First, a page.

16 May OS 2018: The Third Day of Trinity, Tuesday of Pentecost Week; S. Theodore the Sanctified, Blessed Child Musa of Rome
Having completed reading the Acts of the Apostles on the Saturday before Pentecost, we now begin the great annual cycle of the apostolic epistles, hearing today St. Paul’s opening words to the Romans:
Paul, a servant of Jesus Christ, called to be an apostle, separated unto the gospel of God, (Which he had promised afore by his prophets in the holy scriptures,) Concerning his Son Jesus Christ our Lord, which was made of the seed of David according to the flesh; And declared to be the Son of God with power, according to the spirit of holiness, by the resurrection from the dead: By whom we have received grace and apostleship, for obedience to the faith among all nations, for his name: Among whom are ye also the called of Jesus Christ: To all that be in Rome, beloved of God, called to be saints: Grace to you and peace from God our Father, and the Lord Jesus Christ. Now I would not have you ignorant, brethren, that oftentimes I purposed to come unto you, (but was let hitherto,) that I might have some fruit among you also, even as among other Gentiles. I am debtor both to the Greeks, and to the Barbarians; both to the wise, and to the unwise. So, as much as in me is, I am ready to preach the gospel to you that are at Rome also. For I am not ashamed of the gospel of Christ: for it is the power of God unto salvation to every one that believeth; to the Jew first, and also to the Greek. For therein is the righteousness of God revealed from faith to faith: as it is written, The just shall live by faith. – Romans 1: 1-7, 13-17
“The just shall live by faith.” St. Paul begins his annual tutorial for us on what it means to be a Christian by stating his main thesis.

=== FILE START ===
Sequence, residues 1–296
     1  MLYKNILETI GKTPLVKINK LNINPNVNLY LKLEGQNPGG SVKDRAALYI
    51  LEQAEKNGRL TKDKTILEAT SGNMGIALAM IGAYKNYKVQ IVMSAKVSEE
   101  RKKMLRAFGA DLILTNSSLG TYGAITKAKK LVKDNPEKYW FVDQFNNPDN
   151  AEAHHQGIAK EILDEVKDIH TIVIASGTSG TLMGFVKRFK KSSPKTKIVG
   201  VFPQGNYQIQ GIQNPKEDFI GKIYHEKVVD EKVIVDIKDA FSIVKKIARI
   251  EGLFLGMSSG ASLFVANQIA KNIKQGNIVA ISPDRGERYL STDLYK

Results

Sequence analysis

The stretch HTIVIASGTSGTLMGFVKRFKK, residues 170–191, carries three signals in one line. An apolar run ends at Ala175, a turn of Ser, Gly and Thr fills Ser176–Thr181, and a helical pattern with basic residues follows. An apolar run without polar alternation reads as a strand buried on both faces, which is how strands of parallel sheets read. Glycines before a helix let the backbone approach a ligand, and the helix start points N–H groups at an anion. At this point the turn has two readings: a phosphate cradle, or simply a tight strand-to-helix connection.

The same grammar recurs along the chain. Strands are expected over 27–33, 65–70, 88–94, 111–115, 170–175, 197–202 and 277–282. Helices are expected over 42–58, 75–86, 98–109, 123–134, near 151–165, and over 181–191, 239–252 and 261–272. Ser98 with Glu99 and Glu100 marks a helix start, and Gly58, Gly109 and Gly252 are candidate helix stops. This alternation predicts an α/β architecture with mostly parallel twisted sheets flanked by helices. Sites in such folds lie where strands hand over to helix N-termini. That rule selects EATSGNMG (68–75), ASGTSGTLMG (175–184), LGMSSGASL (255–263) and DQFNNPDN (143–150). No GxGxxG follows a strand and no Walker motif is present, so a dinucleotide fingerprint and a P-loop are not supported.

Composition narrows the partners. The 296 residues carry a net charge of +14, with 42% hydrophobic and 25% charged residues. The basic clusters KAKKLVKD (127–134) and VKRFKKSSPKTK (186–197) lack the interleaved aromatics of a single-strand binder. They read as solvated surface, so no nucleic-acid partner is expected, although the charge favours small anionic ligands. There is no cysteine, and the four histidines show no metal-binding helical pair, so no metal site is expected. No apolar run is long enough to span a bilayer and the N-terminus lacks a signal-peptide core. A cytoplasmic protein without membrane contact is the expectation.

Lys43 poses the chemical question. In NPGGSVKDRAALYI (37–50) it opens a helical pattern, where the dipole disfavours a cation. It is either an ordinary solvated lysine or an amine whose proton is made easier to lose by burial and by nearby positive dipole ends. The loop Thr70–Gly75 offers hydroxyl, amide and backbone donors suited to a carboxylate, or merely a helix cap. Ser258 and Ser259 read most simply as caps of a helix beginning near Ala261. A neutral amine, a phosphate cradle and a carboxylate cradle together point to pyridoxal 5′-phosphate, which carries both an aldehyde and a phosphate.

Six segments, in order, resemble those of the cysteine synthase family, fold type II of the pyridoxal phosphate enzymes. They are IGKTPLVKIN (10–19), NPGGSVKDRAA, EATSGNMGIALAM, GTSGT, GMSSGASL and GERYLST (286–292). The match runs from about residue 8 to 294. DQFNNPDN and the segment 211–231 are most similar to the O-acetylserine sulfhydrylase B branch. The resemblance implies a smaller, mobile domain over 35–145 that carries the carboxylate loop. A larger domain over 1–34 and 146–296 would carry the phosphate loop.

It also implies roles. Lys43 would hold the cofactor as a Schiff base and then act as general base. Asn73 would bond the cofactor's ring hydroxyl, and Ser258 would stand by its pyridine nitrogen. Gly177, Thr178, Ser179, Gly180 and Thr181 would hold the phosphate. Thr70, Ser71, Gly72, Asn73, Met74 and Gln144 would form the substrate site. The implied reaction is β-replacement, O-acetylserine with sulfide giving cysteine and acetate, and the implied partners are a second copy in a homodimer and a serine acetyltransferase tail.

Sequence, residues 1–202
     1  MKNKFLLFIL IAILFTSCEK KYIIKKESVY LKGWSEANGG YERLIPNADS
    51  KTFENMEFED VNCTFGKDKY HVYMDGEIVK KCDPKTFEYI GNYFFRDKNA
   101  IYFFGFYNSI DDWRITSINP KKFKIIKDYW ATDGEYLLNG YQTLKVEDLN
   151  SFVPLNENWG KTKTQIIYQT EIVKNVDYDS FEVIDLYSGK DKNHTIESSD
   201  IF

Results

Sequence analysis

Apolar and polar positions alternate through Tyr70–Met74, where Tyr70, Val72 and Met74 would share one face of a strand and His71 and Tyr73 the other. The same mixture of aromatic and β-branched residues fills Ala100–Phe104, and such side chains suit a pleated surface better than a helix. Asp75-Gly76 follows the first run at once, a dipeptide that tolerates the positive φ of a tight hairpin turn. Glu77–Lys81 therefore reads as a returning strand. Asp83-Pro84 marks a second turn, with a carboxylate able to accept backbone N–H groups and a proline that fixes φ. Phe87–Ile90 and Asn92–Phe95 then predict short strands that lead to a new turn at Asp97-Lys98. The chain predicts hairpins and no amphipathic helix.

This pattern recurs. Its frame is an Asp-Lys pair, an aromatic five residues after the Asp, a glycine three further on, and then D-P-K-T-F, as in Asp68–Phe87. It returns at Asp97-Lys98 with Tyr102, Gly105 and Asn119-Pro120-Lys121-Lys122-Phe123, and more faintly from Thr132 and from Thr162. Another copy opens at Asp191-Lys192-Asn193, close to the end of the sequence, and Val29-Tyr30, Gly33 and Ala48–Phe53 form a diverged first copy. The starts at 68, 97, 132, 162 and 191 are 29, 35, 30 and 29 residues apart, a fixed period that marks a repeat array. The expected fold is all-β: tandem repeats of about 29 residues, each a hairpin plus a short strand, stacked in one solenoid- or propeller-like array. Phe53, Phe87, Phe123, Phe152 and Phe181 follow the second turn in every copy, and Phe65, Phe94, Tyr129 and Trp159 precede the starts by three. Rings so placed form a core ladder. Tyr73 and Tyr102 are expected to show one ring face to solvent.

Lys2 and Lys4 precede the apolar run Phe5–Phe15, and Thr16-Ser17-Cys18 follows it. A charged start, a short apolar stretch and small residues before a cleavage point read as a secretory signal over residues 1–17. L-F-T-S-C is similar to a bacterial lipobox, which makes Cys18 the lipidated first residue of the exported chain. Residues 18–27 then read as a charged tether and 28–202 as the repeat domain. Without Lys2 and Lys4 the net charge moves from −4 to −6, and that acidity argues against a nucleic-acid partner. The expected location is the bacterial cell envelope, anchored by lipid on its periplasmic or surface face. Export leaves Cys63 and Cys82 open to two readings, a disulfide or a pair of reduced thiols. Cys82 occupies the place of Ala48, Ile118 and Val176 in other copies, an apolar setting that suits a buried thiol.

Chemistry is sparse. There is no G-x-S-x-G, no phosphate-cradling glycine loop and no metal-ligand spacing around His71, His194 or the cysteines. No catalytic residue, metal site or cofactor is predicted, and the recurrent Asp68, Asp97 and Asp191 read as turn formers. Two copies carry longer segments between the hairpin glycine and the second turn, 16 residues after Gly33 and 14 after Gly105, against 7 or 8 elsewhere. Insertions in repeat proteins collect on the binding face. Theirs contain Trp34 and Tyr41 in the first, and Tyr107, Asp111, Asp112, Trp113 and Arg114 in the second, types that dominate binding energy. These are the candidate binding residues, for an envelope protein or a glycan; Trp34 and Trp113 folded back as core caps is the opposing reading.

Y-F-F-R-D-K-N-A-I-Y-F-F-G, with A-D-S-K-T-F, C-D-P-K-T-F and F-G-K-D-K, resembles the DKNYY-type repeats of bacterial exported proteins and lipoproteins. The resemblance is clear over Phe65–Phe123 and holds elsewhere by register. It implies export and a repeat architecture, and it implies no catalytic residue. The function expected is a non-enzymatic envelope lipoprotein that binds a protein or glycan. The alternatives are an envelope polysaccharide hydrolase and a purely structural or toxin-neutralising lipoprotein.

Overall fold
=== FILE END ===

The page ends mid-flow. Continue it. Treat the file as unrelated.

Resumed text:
There are people who think that if they strive for justice, they do not need faith in Jesus Christ. These are the humanists, the Freemasons, and the universalists. They think they can be right and do good without the right faith in Jesus Christ. On Judgment Day, they are in for a surprise.
There are people who think that if they have faith in Jesus Christ, it does not matter whether they strive to practice justice or not. These are all they who are smug about having faith, not being humbled by the moral demands of faith. They think that “being saved” gives them a free pass not to struggle with sin. On Judgment Day, they are in for a surprise.
How do you know if you have the capacity to be just? Well, first of all, ask yourself if you are in the True Faith. Apart from the true faith and the true baptism, all of man’s “justice” is worthless. How do you know, furthermore, if you are in the True Faith not only in potency (possessing the grace) but also in act (energizing the grace), that is, unto salvation and not damnation? Well, ask yourself if you are struggling, with total reliance on the all-sufficing grace of Christ’s Sacrifice, and according to the unerring apostolic and patristic tradition, to overcome your passions and sins, and thereby to attain the Original Justice man had with God in Paradise.